[219] But at last, on the 6th of December, 1858, there was a great commotion in the village of Olenda, for we were really about to start. Olenda had come out, and was surrounded by his people. He had called our party, and admonished his great-grandsons to take care of his moguizi, for the moguizi was his friend, and had come to him, Olenda. If Olenda had not been living, he would never have come into the country. The whole people shouted with one voice, "That is so." Then the old king proceeded formally to bless us, and to wish us good success, and that no harm should befall us on the road.

On this occasion his majesty was painted with the chalk or ochre of the Alumbi, and had daubed himself with the ochres of his most valiant ancestors, and with that of his mother. He invoked their spirits to be with us, and afterward took a piece of wild cane, bit off several pieces of the pith, and spat a little of the juice in the hand of each one of the party, at the same time blowing on their hands. Then, in his sonorous and hollow voice, which hardly seemed human, he said, solemnly, "Let all have good speed with you, and may your road be as smooth (pleasant) as the breath I blow on your hands."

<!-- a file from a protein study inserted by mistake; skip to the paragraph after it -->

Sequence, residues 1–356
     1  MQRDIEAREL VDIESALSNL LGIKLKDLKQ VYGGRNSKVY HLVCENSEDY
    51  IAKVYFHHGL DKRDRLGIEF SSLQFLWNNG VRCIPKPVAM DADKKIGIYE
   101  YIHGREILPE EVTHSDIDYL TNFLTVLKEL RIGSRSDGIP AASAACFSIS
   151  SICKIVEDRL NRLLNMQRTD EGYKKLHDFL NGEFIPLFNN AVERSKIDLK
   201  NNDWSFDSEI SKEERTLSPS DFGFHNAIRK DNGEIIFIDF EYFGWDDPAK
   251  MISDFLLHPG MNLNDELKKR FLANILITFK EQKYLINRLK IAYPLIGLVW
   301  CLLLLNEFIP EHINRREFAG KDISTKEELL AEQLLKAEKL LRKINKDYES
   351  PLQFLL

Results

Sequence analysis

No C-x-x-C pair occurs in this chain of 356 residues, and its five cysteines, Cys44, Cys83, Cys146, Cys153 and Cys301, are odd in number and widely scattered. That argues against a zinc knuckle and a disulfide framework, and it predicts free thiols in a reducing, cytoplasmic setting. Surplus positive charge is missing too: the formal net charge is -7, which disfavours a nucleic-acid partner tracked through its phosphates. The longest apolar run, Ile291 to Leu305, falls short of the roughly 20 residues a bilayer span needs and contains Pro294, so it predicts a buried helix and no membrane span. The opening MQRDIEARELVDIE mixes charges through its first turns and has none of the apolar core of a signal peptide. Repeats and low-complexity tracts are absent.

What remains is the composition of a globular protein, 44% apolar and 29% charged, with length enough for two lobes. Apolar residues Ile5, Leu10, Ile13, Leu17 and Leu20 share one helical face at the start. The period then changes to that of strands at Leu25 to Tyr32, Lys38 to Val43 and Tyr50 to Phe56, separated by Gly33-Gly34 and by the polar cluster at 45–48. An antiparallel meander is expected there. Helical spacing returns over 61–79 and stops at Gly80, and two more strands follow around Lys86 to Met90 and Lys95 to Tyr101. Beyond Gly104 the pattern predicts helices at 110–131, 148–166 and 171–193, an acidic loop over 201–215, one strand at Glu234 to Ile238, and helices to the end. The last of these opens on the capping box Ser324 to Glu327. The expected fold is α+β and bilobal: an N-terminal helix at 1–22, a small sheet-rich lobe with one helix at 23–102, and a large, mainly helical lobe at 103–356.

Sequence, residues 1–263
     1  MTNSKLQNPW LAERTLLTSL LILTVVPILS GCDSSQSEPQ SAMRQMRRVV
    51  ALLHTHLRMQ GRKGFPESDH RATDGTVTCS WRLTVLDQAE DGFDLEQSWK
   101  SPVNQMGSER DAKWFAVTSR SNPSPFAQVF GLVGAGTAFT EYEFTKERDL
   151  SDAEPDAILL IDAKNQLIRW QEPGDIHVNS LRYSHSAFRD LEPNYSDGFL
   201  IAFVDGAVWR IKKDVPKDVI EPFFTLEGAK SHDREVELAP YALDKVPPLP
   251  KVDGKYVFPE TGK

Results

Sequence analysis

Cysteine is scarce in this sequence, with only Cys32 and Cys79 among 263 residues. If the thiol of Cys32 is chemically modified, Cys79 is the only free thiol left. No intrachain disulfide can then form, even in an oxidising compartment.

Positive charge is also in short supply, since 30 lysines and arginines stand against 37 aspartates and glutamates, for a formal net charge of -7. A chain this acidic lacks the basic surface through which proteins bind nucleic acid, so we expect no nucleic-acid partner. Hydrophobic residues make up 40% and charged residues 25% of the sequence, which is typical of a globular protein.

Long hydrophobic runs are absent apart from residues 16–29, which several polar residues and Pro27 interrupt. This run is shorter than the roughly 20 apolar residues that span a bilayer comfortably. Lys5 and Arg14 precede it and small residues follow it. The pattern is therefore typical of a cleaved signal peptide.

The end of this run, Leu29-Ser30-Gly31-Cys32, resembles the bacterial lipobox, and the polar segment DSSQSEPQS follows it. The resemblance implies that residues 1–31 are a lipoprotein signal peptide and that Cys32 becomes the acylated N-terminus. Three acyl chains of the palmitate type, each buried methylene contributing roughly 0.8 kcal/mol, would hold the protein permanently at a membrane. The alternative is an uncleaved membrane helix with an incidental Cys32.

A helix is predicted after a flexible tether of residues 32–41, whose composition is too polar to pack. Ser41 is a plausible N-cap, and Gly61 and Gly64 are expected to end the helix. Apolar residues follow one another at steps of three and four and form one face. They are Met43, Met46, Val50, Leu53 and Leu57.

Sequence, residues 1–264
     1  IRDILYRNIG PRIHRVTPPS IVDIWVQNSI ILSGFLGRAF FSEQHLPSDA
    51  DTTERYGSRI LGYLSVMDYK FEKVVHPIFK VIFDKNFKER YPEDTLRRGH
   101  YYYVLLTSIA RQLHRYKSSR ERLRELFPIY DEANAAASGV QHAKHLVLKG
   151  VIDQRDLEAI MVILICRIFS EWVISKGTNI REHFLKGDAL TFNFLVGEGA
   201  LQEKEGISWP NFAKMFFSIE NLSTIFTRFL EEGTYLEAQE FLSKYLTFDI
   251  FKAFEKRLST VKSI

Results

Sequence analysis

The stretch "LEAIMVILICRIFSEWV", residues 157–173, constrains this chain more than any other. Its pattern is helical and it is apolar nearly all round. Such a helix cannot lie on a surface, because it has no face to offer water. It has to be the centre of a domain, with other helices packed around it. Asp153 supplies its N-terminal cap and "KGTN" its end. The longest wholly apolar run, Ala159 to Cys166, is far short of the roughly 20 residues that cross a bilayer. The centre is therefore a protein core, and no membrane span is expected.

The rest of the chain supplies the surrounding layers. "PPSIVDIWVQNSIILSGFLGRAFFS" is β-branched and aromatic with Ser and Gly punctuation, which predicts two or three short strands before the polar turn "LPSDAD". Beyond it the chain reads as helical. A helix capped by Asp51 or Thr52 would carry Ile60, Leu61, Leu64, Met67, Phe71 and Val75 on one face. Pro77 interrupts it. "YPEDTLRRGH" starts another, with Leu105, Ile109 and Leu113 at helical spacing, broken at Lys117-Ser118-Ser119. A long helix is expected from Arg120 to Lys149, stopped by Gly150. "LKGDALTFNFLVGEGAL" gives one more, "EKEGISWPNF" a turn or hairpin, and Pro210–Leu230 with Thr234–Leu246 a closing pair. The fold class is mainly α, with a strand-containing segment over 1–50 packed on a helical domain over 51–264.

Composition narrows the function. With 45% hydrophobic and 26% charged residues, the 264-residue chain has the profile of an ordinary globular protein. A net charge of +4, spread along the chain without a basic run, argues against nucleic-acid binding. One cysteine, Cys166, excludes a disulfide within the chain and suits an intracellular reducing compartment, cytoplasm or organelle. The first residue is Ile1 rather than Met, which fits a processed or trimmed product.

Then Minsho received the cane, of which he was to take great care, as, if it were lost, heavy misfortunes would happen to us, but as long as he kept it all would be well. Minsho was to bring back the cane to Olenda.

Immediately after this we started, taking a path leading toward the northeast. The prairie in the valleys was very swampy, the heavy rains having overflowed the lands, and we had to walk through considerable pools of standing water. In one of these swamps we had to wade [220] up to our waists in muddy water, and several of the party slipped down and seated themselves in a manner they did not like, to the great merriment of the others, whose turn was to come next, and who, when laughing at their neighbors' misfortunes, fancied they could go through safely. As for myself, being short in stature, I had the water on several occasions higher than my waist.

Toward noon we approached the Ovigui River, a mountain torrent which had now swollen into a river, and before reaching its natural banks we had to pass through a swamp in the forest for half an hour. The torrent had overflowed, and its waters were running swiftly down among the trees. I began to wonder how we were to cross the bridge. The Ashiras had been speaking of that bridge, and, in fact, we had delayed our start two or three days because they said the waters were too high.